Australia’s medical research sector is thriving, with this year seeing record levels of government investment $6.8 billion and sizeable contributions from the private sector – into early stage, domestic projects. The translation of this research into new products and therapies, however, is not progressing at the same pace, when compared with international peers.
It currently takes an average of ten years for a medicine to progress from initial discovery to marketplace, at an estimated cost of $2.6 billion. With global competition on the rise, there is a growing need to be more efficient in this space.
Australia’s largest biotech, CSL, is helping to change this by developing and supporting pathways between research breakthroughs and pharmaceutical products, across the entire biomedical ecosystem.
Like many pharma and biotech companies, CSL is committed to developing and facilitating these pathways to research translation. With a view to enhancing activity, expertise, and capability, CSL aims to help medical researchers communicate with industry; and financiers make better-informed decisions about early-stage projects.
Dr Andrew Nash, CSL’s Chief Scientific Officer, says these efforts are necessary given the challenges in bringing important treatments to market.
“Now more than ever there is an economic imperative to invest in and commercialise science and support the nation’s world-class medical research. We are seeing some really promising opportunities delayed as they transition from academic labs to pharmaceutical products,” said Dr Nash ahead of the Bio Connections Conference, hosted by Informa Connect.
“Australia’s medical research community has a rich source of potential new discoveries to address the world’s unmet medical needs, so, it is vital we support and provide the building blocks needed to streamline and accelerate the translation of promising medical research.”
Why is the process so challenging?
On the academic side, Dr Nash says giving researchers a stronger sense of what they need to do to create investible opportunities is vital; as is having the people and capabilities to “progress that through to a translated outcome”.
Getting a better foothold on the ‘platforms’ needed to develop drug technology is also important. These platforms – whether focused on small molecules of biologics, such as monoclonal antibodies and RNA-based vaccines – aren’t always widely available to the academic sector, making it harder to yield drugs from research, he says.
“It’s vital that scientists have better access and expertise in this area,” Dr Nash said.
Within the investment sector, Dr Nash believes more expertise in translational science is needed to justify and support decisions that involve longer term commitment.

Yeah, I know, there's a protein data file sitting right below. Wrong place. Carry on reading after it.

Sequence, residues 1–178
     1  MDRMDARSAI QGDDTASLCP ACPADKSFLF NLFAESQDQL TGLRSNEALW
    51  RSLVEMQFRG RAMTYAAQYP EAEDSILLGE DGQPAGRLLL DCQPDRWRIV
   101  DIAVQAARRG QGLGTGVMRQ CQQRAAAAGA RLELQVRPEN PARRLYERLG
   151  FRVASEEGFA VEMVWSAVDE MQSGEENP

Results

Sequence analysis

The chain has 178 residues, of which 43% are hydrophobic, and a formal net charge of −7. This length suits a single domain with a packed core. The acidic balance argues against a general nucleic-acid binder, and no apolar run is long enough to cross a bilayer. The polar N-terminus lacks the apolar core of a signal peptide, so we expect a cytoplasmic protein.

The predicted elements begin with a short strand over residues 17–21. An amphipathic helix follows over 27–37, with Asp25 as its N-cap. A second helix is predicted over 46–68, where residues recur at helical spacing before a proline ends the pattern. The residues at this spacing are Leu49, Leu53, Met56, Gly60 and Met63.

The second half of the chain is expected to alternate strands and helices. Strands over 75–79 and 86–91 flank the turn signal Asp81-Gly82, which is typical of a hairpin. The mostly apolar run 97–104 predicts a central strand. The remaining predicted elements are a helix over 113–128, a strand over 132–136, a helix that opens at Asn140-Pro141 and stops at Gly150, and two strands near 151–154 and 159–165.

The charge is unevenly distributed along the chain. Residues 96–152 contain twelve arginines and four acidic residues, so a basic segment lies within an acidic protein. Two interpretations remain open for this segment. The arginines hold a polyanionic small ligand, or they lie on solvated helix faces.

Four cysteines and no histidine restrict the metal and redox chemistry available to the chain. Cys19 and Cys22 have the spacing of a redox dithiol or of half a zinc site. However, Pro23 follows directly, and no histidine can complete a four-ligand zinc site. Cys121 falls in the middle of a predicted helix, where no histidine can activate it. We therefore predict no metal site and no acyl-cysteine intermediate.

“For a company or investor to take that plunge and invest in developing a drug for humans, they need to understand that gap between great early-stage science and the identification of the candidate drug with an MOA relevant to human disease. In other words, they need to understand that what they are observing in the lab will actually translate to humans,” he said.
Creating a better ecosystem
To foster these skills and improve access throughout the biomedical research ecosystem, CSL is running a number of key programs.
Its newly announced biotech incubator in Parkville, Victoria – in partnership with WEHI, the University of Melbourne and with support from Breakthrough Victoria – will provide infrastructure and commercial support to biotech start-ups. Similarly, a new CSL research acceleration initiative is promoting investment into “very early stage” projects.
The organisation is also collaborating and co-investing with various partners to speed up commercial outcomes. Under a joint venture with Brandon Bio Catalyst, and the University of Melbourne it is accelerating the development of a vaccine against periodontal disease.
“Creating an environment rich in support for local research translation means an expedited pipeline of Australian therapies and technologies to address unmet medical needs for patients,” Dr Nash said.
“It will give Australian patients greater access to clinical trials as research is translated into lifesaving medicines, locally. Meanwhile, intellectual property (IP) will remain on shore, which offers substantial benefits to Australia in terms of royalties, license fees, supply chains, well-paid jobs, and capital investment.”
To hear more about the exciting work CSL is doing to bring drugs to market more quickly, register your place at the Bio Connections Conference hosted by Informa Connect. Andrew Nash will join a stellar line up of speakers including Breakthrough Victoria CEO Grant Dooley, and Pfizer Executive Director, Dr Anand Gautam.
Learn more and register your place here.